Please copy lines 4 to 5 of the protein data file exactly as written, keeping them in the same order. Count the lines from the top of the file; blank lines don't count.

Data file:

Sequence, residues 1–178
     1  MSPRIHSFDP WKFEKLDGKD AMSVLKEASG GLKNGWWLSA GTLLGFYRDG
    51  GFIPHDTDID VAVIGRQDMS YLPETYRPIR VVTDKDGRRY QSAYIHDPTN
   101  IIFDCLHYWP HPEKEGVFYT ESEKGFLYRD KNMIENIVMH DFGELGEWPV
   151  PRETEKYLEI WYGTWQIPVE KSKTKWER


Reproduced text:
   101  IIFDCLHYWP HPEKEGVFYT ESEKGFLYRD KNMIENIVMH DFGELGEWPV
   151  PRETEKYLEI WYGTWQIPVE KSKTKWER